Arts Galleries

Art’s Purpose Reflected at the Asheville Art Museum

By Susanne Kimball

The Asheville Art Museum (AAM) opened its doors to the public in November after extensive renovation only to be closed again by COVID-19 in March. Exhibiting primarily 20th- and 21st-century American art, AAM may be thought of as our city’s cultural consciousness, located downtown amid wine shops, breweries and restaurants as if to remind us that we need to feed our souls as well as our bodies.

Atrium. Photo by Sterling Stevens

The open floor plan expresses the harmonious relationship between space, light and air so that visitors moving up the translucent staircase to upper levels have the feeling of walking on air. This openness is also conducive to vigorous exploration and discovery: paintings with similar themes but from different time periods are juxtaposed to induce discussion. Much of the art is non-representational, which can be daunting because such art often asks more of its viewer than recognizable images do. The goal of the AAM staff is to engage the community to participate in open-ended discussions; no response is irrelevant or wrong.

The museum is committed to preserving the contributions of Black Mountain College (BMC), the experimental school that served as a crucible for mid-20th-century avant-garde art, and the artists who attended and taught there. Notable BMC artists such as Josef and Anni Albers and Willem de Kooning sought to balance humanities, art and manual labor.

Art can be the visual counterpart of significant scientific insights and mathematical concepts, an attribute of interest to school-age children, who are quick to recognize shapes, perspectives and geometric patterns. While science plays an important part in scholarly interpretation, art cannot be locked in by any specific discipline. The role of art is the transmission of details of human experience to intensify esthetic and emotional response. Whereas science decodes and explains underlying principles which govern the universe, art places humanities at the center of the universe and communicates feelings directly.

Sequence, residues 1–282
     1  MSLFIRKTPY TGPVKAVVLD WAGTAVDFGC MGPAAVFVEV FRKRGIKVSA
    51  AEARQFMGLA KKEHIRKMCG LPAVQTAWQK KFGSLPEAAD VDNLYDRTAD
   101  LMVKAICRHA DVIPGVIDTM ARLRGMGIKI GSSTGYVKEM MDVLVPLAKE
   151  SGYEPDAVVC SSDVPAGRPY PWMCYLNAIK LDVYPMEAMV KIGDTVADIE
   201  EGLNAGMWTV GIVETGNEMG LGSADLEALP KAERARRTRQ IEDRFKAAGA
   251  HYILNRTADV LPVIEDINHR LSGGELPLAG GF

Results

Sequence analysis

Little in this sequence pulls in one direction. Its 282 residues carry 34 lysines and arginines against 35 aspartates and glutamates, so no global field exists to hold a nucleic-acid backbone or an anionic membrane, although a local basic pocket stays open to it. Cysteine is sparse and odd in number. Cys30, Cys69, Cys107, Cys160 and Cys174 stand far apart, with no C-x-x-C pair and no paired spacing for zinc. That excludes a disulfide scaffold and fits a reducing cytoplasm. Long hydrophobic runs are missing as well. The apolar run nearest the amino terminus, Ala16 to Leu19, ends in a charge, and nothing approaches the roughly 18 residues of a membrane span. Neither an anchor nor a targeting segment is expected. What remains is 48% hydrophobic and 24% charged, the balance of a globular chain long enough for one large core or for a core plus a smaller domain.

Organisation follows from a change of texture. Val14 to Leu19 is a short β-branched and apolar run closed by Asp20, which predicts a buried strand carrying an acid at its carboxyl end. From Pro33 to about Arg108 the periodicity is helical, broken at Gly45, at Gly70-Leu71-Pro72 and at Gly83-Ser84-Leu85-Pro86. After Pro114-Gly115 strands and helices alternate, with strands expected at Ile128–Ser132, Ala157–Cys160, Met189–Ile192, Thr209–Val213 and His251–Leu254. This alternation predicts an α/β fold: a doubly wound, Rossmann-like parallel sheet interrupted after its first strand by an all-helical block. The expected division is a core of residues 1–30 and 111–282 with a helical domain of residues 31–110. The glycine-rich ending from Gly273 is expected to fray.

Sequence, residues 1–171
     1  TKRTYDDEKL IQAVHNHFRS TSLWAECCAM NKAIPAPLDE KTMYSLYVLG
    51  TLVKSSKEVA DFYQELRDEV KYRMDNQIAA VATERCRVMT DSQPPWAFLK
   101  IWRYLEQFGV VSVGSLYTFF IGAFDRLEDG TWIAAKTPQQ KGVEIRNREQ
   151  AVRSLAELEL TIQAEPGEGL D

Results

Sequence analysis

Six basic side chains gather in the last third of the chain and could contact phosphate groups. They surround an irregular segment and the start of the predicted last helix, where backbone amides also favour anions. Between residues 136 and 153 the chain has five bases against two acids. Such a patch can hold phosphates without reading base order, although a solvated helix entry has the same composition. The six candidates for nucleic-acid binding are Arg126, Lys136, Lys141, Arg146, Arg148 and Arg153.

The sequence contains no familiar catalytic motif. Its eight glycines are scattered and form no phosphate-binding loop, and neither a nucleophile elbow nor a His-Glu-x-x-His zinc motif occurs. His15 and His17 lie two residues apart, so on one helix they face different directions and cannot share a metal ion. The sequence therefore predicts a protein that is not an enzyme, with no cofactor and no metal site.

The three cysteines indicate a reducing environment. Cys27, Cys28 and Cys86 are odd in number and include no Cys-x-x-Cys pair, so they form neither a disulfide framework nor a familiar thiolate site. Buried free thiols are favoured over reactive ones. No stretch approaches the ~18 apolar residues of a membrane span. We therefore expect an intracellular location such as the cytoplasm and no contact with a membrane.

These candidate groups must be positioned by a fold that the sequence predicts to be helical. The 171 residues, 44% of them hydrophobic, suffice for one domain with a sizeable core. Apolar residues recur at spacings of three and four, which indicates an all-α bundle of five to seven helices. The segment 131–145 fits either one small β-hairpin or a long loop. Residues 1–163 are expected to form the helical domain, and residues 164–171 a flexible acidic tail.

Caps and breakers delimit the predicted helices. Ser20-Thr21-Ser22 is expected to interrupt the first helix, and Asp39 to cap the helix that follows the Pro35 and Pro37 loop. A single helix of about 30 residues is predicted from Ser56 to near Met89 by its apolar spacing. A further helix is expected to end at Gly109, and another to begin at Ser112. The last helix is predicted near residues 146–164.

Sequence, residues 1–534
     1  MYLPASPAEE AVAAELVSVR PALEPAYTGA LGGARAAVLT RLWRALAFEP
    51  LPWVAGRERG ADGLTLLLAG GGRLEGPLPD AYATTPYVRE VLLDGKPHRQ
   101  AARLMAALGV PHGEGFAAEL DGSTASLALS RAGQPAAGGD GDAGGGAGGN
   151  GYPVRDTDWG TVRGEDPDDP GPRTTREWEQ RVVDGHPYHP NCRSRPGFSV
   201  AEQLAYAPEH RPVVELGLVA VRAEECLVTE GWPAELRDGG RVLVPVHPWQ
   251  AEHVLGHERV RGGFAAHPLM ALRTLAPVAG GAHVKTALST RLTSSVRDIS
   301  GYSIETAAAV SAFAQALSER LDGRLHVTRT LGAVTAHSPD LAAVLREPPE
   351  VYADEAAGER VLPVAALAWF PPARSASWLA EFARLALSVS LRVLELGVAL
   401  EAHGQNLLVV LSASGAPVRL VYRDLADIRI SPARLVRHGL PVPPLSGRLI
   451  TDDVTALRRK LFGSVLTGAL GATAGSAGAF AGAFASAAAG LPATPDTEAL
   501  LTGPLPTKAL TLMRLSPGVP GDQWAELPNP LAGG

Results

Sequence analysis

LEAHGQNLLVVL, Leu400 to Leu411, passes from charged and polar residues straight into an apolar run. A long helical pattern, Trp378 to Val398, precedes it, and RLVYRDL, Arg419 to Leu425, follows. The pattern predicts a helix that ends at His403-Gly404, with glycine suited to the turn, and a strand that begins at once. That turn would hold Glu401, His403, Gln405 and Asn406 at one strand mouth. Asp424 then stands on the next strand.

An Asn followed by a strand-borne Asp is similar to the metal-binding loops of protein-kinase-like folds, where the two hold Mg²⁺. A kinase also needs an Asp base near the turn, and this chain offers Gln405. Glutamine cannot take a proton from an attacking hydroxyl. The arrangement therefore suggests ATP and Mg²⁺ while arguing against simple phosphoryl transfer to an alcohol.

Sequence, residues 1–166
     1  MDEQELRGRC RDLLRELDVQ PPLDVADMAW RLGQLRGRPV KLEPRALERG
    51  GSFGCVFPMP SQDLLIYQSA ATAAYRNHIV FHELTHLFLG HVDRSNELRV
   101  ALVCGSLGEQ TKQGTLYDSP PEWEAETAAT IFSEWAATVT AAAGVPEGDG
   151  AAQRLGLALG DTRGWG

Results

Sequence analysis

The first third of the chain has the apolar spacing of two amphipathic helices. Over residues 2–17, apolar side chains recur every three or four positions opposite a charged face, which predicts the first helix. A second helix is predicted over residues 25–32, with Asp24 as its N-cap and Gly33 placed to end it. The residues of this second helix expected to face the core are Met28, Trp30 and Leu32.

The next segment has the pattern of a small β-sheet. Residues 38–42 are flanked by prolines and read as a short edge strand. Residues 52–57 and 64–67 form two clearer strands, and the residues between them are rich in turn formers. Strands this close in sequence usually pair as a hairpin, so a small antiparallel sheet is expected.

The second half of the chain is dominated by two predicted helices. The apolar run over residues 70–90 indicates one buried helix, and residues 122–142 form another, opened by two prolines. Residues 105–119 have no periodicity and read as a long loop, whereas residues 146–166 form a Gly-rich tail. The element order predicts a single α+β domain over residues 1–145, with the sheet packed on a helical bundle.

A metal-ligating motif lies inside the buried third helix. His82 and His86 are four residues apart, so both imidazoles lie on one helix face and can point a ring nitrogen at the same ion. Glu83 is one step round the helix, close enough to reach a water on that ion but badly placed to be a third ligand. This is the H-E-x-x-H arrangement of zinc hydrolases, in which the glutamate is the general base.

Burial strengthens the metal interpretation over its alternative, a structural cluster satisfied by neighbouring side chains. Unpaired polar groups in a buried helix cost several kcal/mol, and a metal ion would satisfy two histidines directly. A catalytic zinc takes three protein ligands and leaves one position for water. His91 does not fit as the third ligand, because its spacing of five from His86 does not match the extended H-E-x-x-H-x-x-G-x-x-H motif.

Everyone—from five-year-old children to seniors—needs to have access to a domain of creativity. Becoming familiar with new ideas is at the base of understanding in general. Not everyone is born into affluence, benefitting from good schools and teachers. It is unfortunate for gifted children to lack access to an environment filled with educational opportunities. The museum offers visitors a chance to broaden their knowledge of art, to interact with one another on a variety of topics, to recharge spiritually, to contemplate—and to have fun.

Among the offerings at AAM are adult studio drawing and painting classes; live dance and music performances; group tours for all ages, including those with memory loss and their caregivers; informal gallery discussions; art excursions; and docent training.

While the museum is still closed, the staff and docents are providing virtual programs, including art tours and camps, and photography classes. Additionally, art kits are distributed with meal pickups on Fridays through the Asheville city schools.

To learn more, contact Asheville Art Museum at 828.235.3227 or visit AshevilleArt.org.

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